10 top tips for energy professionals when reopening your estate

In light of the recent advice from the Government given to organisations across the UK, we are starting to see a number of businesses slowly reopen to both their workforce and the public.

The process of re-opening commercial buildings and estates will come with its own challenges for energy professionals in ensuring it is done safely and smoothly, while continuing to strive for energy optimisation.

To help you reopen your energy estate efficiently, our Energy Consultant, Giles Davies, has compiled a list of key points to consider, including using this time as an opportunity to establish a new energy management strategy to meet your changing operational needs.

  1. As heating, ventilation and air conditioning (HVAC) systems might have been turned off for a few months, it is important to visit the boiler and plant rooms to ensure the equipment is in a good state of repair. For example, check there are no alarm indicators showing, that local thermostats are working correctly and there are no leaks or leakage stains showing on the walls or floor.
  2. If your HVAC systems’ annual maintenance checks have lapsed during the lockdown, look to get the servicing carried out at the earliest opportunity. This will ensure all your equipment is running at optimum levels and that filters and belts are replaced in accordance with manufacturers recommendations.
  3. If your organisation has new operating times to safeguard your workforce, ensure the heating, lighting and BMS timer controls reflect the new schedule.
  4. With summer just around the corner, check that systems are set to summer mode, and ensure there are heating and cooling dead bands in place. It is advised cooling should only be implemented when the internal temperature exceeds 24°C, this therefore provides a 3-4°C “dead band”, when neither cooling or heating should be required in the building and still be a comfortable temperature for employees. This ensures that there is no chance of both cooling and heating systems operating simultaneously.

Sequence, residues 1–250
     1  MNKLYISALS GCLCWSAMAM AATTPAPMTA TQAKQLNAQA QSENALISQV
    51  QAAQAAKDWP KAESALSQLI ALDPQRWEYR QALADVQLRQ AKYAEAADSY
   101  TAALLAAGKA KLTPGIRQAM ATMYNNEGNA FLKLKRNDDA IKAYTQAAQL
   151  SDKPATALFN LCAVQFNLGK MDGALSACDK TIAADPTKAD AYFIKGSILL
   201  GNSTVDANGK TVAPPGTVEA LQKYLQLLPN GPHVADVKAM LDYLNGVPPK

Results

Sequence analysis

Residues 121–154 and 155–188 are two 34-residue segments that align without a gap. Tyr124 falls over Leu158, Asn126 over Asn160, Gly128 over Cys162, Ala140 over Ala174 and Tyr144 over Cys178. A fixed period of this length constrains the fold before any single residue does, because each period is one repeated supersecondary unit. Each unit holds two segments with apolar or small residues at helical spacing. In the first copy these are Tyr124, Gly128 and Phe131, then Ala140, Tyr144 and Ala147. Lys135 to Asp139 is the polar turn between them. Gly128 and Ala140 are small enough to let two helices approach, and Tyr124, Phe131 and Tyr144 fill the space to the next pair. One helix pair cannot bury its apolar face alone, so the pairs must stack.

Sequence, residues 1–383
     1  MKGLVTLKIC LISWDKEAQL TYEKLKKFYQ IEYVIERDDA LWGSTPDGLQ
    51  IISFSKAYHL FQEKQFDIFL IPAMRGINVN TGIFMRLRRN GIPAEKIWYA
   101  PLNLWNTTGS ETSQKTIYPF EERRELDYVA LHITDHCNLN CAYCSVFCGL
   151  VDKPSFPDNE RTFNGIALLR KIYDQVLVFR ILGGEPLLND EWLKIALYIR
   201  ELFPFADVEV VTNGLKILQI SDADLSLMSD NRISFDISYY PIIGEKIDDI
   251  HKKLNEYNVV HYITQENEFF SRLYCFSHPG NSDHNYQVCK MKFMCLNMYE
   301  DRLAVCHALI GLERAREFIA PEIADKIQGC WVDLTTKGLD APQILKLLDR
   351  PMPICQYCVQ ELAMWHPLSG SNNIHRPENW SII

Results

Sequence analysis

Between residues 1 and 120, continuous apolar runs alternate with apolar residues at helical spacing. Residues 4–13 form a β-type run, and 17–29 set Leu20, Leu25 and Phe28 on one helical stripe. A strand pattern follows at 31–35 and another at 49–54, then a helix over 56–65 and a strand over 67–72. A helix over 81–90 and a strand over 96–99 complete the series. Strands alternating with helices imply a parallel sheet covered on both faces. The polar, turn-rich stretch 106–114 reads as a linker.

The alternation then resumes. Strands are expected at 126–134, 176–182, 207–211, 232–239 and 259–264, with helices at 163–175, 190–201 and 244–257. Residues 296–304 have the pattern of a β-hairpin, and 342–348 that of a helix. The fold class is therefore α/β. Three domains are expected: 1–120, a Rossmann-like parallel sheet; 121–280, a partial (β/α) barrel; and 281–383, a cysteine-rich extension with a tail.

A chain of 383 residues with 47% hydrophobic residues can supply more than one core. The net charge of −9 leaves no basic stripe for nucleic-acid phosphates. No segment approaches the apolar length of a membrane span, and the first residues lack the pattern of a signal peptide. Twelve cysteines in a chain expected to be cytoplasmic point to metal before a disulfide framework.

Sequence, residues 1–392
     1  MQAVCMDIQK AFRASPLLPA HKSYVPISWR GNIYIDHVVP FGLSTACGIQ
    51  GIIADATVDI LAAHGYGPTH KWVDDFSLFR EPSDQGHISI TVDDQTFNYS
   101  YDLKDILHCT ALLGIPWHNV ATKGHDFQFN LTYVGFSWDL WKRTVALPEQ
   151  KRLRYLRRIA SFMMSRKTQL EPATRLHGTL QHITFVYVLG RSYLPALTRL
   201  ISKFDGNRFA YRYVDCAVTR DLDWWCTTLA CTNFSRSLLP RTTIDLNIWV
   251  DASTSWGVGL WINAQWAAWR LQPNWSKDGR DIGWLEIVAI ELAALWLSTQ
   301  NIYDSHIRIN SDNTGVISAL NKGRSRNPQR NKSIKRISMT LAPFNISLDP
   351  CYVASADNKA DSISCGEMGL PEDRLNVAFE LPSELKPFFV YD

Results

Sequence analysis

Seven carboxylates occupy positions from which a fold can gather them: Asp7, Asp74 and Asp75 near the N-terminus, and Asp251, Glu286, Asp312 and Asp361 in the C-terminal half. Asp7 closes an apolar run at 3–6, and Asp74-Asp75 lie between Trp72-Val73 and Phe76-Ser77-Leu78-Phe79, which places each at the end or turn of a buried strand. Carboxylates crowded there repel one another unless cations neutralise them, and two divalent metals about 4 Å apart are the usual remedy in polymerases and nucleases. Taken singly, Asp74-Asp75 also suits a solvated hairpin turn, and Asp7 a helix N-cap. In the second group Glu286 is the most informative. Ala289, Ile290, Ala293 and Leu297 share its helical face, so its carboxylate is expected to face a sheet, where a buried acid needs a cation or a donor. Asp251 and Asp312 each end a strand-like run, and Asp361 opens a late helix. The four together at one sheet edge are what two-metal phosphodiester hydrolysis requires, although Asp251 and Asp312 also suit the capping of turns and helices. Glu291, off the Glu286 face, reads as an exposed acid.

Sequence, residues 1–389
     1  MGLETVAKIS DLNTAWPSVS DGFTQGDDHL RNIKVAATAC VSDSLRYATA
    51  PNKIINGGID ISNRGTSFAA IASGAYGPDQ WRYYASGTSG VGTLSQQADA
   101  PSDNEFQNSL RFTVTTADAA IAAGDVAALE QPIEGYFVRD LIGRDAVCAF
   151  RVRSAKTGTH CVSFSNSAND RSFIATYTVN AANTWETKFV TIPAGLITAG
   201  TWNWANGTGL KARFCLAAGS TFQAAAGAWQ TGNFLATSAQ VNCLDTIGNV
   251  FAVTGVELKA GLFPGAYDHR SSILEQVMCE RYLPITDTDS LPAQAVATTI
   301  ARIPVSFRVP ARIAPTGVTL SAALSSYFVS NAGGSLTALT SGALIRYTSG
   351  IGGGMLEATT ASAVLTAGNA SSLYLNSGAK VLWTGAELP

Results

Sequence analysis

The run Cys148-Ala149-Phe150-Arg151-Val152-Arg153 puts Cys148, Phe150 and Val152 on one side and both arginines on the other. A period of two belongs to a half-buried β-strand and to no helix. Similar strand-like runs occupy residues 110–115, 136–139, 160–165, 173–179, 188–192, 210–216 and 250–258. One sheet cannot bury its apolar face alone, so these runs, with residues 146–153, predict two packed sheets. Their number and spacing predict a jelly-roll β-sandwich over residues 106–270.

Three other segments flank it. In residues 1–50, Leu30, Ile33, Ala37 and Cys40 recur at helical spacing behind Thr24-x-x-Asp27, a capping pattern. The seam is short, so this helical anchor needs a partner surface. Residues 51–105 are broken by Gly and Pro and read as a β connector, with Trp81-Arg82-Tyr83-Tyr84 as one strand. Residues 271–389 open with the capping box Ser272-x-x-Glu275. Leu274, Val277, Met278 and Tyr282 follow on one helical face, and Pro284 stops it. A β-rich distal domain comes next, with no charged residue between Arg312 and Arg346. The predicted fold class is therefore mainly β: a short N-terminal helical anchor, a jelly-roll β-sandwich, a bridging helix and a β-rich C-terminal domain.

5. It is important to check that your Passive Infrared System (PIR) sensors on your lighting are working correctly. Confirm that the systems are programmed to turn off when no movement is detected, and when a room has reached a pre-set lumen level from natural light.
  6. Take the opportunity to analyse half-hourly data reports to identify any spikes in energy usage during the lockdown period. You may discover some errors in your equipment, for example if they are turning on when they are not meant to. It is important to identify what this equipment is and if it should be running during those hours.
  7. If there have been any changes to your building’s opening and closing times, ensure that staff are familiar with what can be turned off at the end of the day. For example, it may be a good idea to have an “Energy Champion” on shifts to ensure non-essential equipment is turned off at the end of the day and air conditioning is only running when required.
  8. We would recommend using this time to email staff upon their return, to remind them of any energy policies that your organisation may have in place or changes you have made.
  9. To safeguard your workforce, some buildings might be using separate entrances and exits which would not usually be in use. Ensure these doors are not propped open so that the air conditioning runs correctly.
  10. Finally, due to the lockdown period, it may be that your building’s energy usage is lower than usual. This can provide you with an opportunity to revisit your energy management strategy to adapt it for your organisation’s ‘new normal’ operations. Take a look at our blog ‘Energy Management: Where to begin’ for some top tips on the best way to start your planning.

 If you would like advice on managing your business’ energy efficiency our expert energy consultants offer a range of services to help, contact us today, or call on 01908 690018.

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